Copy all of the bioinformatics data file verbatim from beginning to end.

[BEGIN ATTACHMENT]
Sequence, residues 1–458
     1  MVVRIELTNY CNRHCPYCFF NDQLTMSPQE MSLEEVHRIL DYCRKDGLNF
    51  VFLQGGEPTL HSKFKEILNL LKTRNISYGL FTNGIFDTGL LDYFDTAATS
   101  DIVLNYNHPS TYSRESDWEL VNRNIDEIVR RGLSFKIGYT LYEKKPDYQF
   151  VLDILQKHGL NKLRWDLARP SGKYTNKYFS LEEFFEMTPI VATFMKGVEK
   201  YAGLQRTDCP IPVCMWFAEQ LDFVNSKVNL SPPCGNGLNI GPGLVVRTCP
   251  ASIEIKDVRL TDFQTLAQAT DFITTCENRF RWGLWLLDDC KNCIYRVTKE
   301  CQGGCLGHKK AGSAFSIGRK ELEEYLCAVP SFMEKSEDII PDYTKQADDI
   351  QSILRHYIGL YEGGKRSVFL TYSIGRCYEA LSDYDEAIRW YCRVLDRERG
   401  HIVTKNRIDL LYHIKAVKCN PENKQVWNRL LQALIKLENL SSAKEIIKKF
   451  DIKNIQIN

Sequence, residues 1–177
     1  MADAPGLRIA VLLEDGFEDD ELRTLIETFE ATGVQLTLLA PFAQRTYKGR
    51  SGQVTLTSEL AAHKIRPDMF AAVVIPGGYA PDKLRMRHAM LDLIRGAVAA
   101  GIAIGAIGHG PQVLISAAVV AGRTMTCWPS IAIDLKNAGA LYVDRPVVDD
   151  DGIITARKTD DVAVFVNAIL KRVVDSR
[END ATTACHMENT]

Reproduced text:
Sequence, residues 1–458
     1  MVVRIELTNY CNRHCPYCFF NDQLTMSPQE MSLEEVHRIL DYCRKDGLNF
    51  VFLQGGEPTL HSKFKEILNL LKTRNISYGL FTNGIFDTGL LDYFDTAATS
   101  DIVLNYNHPS TYSRESDWEL VNRNIDEIVR RGLSFKIGYT LYEKKPDYQF
   151  VLDILQKHGL NKLRWDLARP SGKYTNKYFS LEEFFEMTPI VATFMKGVEK
   201  YAGLQRTDCP IPVCMWFAEQ LDFVNSKVNL SPPCGNGLNI GPGLVVRTCP
   251  ASIEIKDVRL TDFQTLAQAT DFITTCENRF RWGLWLLDDC KNCIYRVTKE
   301  CQGGCLGHKK AGSAFSIGRK ELEEYLCAVP SFMEKSEDII PDYTKQADDI
   351  QSILRHYIGL YEGGKRSVFL TYSIGRCYEA LSDYDEAIRW YCRVLDRERG
   401  HIVTKNRIDL LYHIKAVKCN PENKQVWNRL LQALIKLENL SSAKEIIKKF
   451  DIKNIQIN

Sequence, residues 1–177
     1  MADAPGLRIA VLLEDGFEDD ELRTLIETFE ATGVQLTLLA PFAQRTYKGR
    51  SGQVTLTSEL AAHKIRPDMF AAVVIPGGYA PDKLRMRHAM LDLIRGAVAA
   101  GIAIGAIGHG PQVLISAAVV AGRTMTCWPS IAIDLKNAGA LYVDRPVVDD
   151  DGIITARKTD DVAVFVNAIL KRVVDSR